James Adair was born to Ezekiel L. and Mary Adair Lyon near Jonesboro, Tennessee on April 19, 1814. His early education was obtained at home and in a local academy. The Lyons attended the Presbyterian Church in Jonesboro and James professed faith in Christ at the age of seven. To prepare formally for the ministry, he went to Washington College in his Tennessee homeland graduating in 1832, but then for theological instruction he went north to Princeton Seminary in New Jersey completing his program in four years. He was licensed by the Presbytery of New Brunswick in 1836. The year 1837 was an eventful one for Licentiate Lyon because after he married Adelaide E. Deadrick of Knoxville, Tennessee, March 14, two months later the Presbyterian Church divided into two denominations, the Old and New Schools, when the presbyters constituting the Old School ejected those constituting the New School. Lyon was ordained an evangelist by the Old School Presbytery of Holston in September to serve the churches in Rogersville and New Providence, Tennessee.
Rev. Lyon’s next call required him to leave his home state, move southwest across the Tennessee River and the state of Alabama into Mississippi for ministry with the Presbyterian Church in Columbus. Rev. Lyon served the congregation as stated supply from October 1841 to May 1847. Sometimes lengthy tenures in supply positions occur because congregations want ample time to consider a minister’s gifts, but in other cases churches simply cannot afford to pay full-time salaries. When Lyon started in Columbus there were about forty members and by the time he left in 1847, the congregation included eighty-five communicants. The reason for his leaving may have been health related because he traveled overseas for about a year. Physicians of the day sometimes prescribed extended travel for patients, as was the case of Henry A. Boardman, so Lyon’s travels may have been therapeutic. When he returned to the States he accepted a call to the Westminster Presbyterian Church in St. Louis, Missouri, and was installed November 15, 1848. After a brief tenure of two years, he left the church and established a high school for young ladies in St. Louis. In 1854, Washington College honored him with the Doctor of Divinity during its graduation festivities, then in October he returned to his former church in Columbus, Mississippi, to be duly installed the pastor January 7, 1855. He continued his ministry at Columbus for sixteen years, which when added to his previous term as stated supply gives a total of twenty-two years of service.
In 1859, Charles Darwin’s Origin of the Species was published, which resulted in responses from all quarters but especially from Christians. A member of Lyon’s church, Hon. John Perkins, Sr., endowed a professorship of natural science in connection with revealed religion at Columbia Theological Seminary in South Carolina in 1860. Pastor Lyon was an important figure for working out the details of the new professorship. During a visit to Columbia, Lyon stayed with James H. Thornwell and enjoyed a carriage ride with him as they toured the city. Lyon also preached in the First Presbyterian Church, then the next day attended the wedding of John B. Adger’s eldest daughter to Rev. Francis Mullally who shared pastoral duties with Thornwell. Once the details of the new professorship were organized, James Woodrow was selected the first Perkins professor and began teaching in 1861. Woodrow’s views on creation and evolution would become the subject of extended controversy in the 1880s in Columbia Seminary and the Presbyterian Church in the United States (PCUS).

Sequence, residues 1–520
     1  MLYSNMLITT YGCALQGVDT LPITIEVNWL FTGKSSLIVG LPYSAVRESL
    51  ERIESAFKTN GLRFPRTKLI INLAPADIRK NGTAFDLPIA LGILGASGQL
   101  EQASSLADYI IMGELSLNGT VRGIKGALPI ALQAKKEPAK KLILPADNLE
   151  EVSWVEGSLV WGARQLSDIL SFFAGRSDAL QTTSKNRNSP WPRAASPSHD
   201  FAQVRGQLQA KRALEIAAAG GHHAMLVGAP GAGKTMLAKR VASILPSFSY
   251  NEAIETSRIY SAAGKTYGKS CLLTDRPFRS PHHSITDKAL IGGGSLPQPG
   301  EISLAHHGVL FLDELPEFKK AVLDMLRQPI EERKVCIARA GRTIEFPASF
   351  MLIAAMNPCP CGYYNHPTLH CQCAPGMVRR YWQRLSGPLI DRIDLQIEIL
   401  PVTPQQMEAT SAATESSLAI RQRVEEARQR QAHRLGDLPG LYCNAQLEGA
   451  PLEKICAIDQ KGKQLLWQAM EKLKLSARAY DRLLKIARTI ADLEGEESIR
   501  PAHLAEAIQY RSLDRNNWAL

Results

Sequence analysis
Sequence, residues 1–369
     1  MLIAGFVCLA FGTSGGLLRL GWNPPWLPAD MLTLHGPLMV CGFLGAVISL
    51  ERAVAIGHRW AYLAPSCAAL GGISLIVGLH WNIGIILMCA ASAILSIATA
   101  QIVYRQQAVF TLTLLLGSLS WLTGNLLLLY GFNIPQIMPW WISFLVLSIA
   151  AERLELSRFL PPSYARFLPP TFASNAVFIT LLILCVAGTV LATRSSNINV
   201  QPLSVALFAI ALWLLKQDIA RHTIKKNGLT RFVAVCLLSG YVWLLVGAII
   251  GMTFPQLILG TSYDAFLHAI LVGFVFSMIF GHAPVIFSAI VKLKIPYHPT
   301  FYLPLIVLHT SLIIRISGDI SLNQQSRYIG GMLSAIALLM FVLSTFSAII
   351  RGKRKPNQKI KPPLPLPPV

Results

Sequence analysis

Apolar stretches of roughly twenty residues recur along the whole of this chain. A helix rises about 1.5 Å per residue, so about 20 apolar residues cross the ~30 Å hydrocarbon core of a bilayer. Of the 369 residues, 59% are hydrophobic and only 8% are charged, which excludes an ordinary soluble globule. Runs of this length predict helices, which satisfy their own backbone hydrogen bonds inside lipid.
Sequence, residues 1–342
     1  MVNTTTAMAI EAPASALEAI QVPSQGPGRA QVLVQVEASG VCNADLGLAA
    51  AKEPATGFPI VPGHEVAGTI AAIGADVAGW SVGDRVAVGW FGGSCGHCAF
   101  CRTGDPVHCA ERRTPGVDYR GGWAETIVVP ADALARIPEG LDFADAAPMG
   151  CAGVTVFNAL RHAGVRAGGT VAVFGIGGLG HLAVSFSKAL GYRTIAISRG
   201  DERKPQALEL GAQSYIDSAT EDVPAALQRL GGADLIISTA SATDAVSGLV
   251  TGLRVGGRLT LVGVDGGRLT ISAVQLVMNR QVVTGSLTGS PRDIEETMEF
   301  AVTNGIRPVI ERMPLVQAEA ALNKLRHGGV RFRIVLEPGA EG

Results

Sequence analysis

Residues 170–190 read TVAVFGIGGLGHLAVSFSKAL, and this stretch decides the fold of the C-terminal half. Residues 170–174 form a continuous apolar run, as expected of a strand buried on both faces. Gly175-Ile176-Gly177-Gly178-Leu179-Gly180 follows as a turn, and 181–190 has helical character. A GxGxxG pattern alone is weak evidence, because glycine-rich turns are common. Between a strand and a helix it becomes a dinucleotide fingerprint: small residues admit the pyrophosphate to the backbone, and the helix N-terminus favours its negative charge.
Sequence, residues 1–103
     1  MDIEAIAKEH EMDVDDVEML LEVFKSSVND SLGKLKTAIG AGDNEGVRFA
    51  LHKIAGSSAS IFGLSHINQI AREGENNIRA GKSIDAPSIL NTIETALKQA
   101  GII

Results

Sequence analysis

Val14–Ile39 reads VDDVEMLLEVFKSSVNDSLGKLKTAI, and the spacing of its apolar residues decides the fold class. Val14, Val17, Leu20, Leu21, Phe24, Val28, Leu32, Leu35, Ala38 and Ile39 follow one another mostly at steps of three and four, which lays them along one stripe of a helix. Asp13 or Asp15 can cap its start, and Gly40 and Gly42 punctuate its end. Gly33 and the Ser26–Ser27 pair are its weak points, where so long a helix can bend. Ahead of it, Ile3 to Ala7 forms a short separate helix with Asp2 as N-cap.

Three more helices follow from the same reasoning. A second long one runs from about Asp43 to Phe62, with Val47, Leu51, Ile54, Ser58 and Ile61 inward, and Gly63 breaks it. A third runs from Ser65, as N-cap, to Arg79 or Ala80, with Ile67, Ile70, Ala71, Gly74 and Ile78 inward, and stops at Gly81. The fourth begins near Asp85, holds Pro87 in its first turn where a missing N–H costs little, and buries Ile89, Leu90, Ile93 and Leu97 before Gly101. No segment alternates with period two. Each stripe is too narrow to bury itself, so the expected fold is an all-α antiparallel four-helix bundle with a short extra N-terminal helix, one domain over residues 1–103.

Lyon continued his ministry through the difficult years of the Civil War and into Reconstruction. In 1863, he was moderator of the General Assembly meeting of the Presbyterian Church in the Confederate States of America (PCCSA, became PCUS after the war). He delivered his retiring moderator’s sermon the next year from I Thessalonians 2:4. In August 1870, Dr. Lyon was elected professor of mental and moral science in the University of Mississippi at Oxford, where he worked until he retired in June 1881 due to declining health. During his life he had been offered several calls to churches and teaching positions, including Danville Seminary, but after his time in St. Louis, he continued his work exclusively in Mississippi. James A. Lyon, D.D., died on May 15, 1882, in Holly Springs, Mississippi, in the home of his son-in-law, Eagleton M. Smith, Esq., following four or five days of paralysis. He was survived by his wife, Adelaide, and six children. Lyon contributed several articles to the Southern Presbyterian Review, and his sermons and comments were published in Columbus newspapers and other periodicals including True Witness and Sentinel (Memphis and New Orleans).
Sources–The header shows norther Mississippi as in Appleton’s Atlas, 1878; nicely done atlas. The square black-and-white picture shows the University of Mississippi in the nineteenth century. Regarding James Woodrow and the evolution controversy, see the Woodrow biography by A. H. Freundt in Dictionary of the Presbyterian and Reformed Tradition in America, editors, Hart and Noll, 1999. See D. Calhoun’s, The Glory of the Lord Risen Upon it, pages 88, 101, regarding Mullally and First Church. Other sources included Scott’s Ministerial Directory, Princeton Seminary’s Necrological Report, and other reference dictionaries and encyclopedias.